Table 4

Results for the conceptual preheating study

Scenario

Preheating

\(Q_\mathrm{s}\)

\(\frac{K_\mathrm{xx}}{K_\mathrm{zz}}\)

\(t_\mathrm{br}\)

\(V_\mathrm{s}\)

\({\mathrm{TRI}}\)

\(\Delta t_\mathrm{br}\)

\(\Delta V_\mathrm{s}\)

\(\Delta {\mathrm{TRI}}\)

(kg/h)

(–)

(h)

(\(\hbox {m}^3\))

(m)

(%)

(%)

(%)

1

None

180

1

22.2

39.31

1.70

\(-\)

\(-\)

\(-\)

All

4.9

46.40

1.90

\(-\)88

+18

+12

Half

19.8

46.84

1.85

\(-\)11

+19

+9

Stripe

21.2

42.73

1.85

\(-\)5

+9

+9

2\(^{\mathrm{a}}\)

None

180

1

98.9

112.42

1.6

\(-\)

\(-\)

\(-\)

All

28.4

150.64

1.85

\(-\)71

+34

+16

Half

94.9

127.05

1.7

\(-\)4

+13

+6

Stripe

97.3

117.40

1.65

\(-\)2

+4

+3

3

None

45

1

35.0

11.45

0.90

\(-\)

\(-\)

\(-\)

All

7.2

15.41

1.05

\(-\)79

+35

+17

Half

29.0

13.86

0.95

\(-\)17

+21

+6

Stripe

32.3

12.71

0.95

\(-\)8

+11

+6

4

None

45

3

106.3

34.24

1.60

\(-\)

\(-\)

\(-\)

All

20.5

44.89

1.85

\(-\)81

+31

+16

Half

88.3

42.95

1.80

\(-\)17

+25

+13

Stripe

98.1

37.26

1.65

\(-\)8

+9

+3

5

None\(^{\mathrm{b}}\)

45

10

480.0

119.41

3.00

\(-\)

\(-\)

\(-\)

All

67.3

146.02

3.45

\(-\)86

+22

+15

Half\(^{\mathrm{b}}\)

480.0

136.04

3.40

0

+14

+13

Stripe\(^{\mathrm{b}}\)

480.0

130.61

3.20

0

+9

+7

\(^{\mathrm{a}}\) Greater injection depth (\(14.5~\hbox {m}\))

\(^{\mathrm{b}}\) Steam front approached upper boundary up to a distance of less than 15cm within the (maximum) simulation time of 20 days

\(\frac{K_\mathrm{xx}}{K_\mathrm{zz}}\): anisotropy ratio of hydraulic conductivity

\(t_\mathrm{br}\): time until steam breakthrough

\(V_\mathrm{s}\): steam chamber volume (calculated for an entire radial domain)

TRI: maximum radial extent of the steam zone

\(\Delta \): percentage change of the quantity due to preheating

Fig. 10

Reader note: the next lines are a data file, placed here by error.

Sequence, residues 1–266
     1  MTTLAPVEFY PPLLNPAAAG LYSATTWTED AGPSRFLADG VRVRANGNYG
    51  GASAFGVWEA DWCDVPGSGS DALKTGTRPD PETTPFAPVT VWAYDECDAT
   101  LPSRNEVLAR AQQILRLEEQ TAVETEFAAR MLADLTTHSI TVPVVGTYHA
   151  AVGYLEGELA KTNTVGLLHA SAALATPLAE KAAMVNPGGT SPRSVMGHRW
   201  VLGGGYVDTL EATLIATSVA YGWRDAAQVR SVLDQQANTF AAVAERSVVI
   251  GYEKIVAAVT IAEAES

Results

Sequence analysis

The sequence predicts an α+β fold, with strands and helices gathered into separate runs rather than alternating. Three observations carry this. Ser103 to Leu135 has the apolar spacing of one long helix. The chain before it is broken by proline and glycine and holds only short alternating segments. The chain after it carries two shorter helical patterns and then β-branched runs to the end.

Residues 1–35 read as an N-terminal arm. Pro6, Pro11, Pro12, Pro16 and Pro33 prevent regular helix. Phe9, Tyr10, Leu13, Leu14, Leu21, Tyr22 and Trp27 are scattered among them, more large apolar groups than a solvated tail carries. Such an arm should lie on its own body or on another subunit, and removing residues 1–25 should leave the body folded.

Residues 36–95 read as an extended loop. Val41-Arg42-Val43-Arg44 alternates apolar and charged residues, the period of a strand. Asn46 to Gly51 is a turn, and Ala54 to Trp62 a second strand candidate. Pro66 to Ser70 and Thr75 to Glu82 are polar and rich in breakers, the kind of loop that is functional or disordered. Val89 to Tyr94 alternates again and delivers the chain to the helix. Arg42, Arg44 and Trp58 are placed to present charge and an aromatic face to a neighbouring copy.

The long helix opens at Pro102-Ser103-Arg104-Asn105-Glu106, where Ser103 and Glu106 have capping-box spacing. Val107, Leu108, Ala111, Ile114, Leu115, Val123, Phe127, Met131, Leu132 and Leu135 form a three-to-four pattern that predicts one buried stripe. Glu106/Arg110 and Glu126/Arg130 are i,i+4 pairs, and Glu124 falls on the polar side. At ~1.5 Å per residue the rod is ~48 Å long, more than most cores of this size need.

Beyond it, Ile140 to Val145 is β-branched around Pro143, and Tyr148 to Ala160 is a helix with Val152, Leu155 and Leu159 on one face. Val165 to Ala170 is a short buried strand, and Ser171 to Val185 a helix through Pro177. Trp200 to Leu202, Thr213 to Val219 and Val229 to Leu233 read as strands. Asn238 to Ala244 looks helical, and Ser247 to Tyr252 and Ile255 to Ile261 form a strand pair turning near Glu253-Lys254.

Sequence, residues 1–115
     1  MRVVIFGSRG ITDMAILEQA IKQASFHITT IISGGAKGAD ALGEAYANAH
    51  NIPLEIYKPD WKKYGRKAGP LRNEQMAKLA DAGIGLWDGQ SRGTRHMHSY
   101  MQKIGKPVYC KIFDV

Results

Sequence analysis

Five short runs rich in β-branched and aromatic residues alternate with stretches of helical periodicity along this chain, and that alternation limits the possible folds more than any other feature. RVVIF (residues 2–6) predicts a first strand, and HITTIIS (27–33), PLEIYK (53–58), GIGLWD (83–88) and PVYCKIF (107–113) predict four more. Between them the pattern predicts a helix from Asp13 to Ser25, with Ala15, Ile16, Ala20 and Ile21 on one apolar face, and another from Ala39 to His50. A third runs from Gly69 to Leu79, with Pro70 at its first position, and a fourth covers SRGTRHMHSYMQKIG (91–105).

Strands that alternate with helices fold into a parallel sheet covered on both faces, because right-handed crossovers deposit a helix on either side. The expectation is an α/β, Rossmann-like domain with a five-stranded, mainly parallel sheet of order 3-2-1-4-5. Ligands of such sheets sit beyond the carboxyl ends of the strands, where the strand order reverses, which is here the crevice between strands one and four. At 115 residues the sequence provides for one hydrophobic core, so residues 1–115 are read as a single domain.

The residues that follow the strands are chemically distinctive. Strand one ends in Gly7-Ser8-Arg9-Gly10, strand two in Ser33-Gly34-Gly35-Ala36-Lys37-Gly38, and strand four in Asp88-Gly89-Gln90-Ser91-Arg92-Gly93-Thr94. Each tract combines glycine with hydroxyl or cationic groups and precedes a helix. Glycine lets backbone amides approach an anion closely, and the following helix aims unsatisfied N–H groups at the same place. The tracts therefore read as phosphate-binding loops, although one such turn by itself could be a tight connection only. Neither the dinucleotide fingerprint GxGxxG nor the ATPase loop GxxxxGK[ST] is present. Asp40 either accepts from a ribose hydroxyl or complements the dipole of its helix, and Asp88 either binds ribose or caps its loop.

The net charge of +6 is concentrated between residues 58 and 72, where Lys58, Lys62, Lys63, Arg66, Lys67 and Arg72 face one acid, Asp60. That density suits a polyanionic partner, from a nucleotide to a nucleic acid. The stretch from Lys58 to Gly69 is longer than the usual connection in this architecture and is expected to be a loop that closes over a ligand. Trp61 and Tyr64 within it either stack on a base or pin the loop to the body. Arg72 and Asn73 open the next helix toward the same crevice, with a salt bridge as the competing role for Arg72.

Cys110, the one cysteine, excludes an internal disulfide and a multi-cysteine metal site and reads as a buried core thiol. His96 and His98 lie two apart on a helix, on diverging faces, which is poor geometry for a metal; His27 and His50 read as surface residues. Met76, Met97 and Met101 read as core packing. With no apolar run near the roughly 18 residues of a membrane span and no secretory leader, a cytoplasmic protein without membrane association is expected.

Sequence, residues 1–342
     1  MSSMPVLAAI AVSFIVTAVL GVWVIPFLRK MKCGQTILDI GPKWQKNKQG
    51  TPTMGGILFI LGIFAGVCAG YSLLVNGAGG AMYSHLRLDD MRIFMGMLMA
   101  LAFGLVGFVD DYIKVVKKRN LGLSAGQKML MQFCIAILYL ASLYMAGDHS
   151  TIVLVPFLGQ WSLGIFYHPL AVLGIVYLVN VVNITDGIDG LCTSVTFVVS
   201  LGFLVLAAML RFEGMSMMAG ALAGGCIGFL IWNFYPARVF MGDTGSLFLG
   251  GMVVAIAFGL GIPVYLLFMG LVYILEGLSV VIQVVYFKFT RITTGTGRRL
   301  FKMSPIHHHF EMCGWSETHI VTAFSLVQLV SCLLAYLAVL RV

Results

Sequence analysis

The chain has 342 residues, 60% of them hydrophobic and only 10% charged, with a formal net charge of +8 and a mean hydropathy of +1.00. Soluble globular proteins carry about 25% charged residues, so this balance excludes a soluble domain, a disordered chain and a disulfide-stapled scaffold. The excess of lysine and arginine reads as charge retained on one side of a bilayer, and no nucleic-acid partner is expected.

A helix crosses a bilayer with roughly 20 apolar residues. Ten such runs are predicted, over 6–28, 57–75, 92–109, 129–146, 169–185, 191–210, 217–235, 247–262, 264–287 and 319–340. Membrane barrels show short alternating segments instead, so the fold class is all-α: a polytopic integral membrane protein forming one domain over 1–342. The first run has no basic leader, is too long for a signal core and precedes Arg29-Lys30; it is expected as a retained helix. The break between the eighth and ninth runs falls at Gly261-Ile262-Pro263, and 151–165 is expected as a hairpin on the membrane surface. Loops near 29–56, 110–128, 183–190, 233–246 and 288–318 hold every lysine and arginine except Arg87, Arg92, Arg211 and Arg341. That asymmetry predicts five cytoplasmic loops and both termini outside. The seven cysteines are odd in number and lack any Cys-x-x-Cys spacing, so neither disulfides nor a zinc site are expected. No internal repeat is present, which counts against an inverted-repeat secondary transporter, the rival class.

Temperature distribution for Scenario 5 at \(t={6}\hbox { h}\) (upper figures) and \(t={24}\hbox { h}\) (lower figures)

The plot at \(z=4~\hbox {m}\) lies above the preheated zone for the cases with half-domain and stripe preheating. The maximum TRI in \(z=4~\hbox {m}\) is the highest for the case with full preheating. The more of the domain was preheated, the lower the time required to reach the maximum TRI.

The global maximum TRI occurs at different heights and at different times for the different cases. It is plotted in the lowermost graph. At early times, it is almost identical for all preheating cases. Its rate of growth declines with time as has been observed for the other depths. Note that the maximum TRI for the case with full preheating is higher than the value given in Table 4. As mentioned above, the values of the tables were taken at the time of steam breakthrough (\(t_\mathrm{br}=4.9~\hbox {h}\)) in order to have comparable results with a low influence of the boundary condition at the top of the domain. Furthermore, it was not possible to define an explicit steady-state maximum TRI for all simulation runs.

In Scenario 2 (see Fig. 7), the injection of steam takes place under a higher hydrostatic pressure corresponding to the greater injection depth. As a result, the TRI for all preheating cases is smaller than in Scenario 1. Furthermore, the desired gain of TRI due to preheating is increased for the full preheating case, while it is decreased for the remaining cases.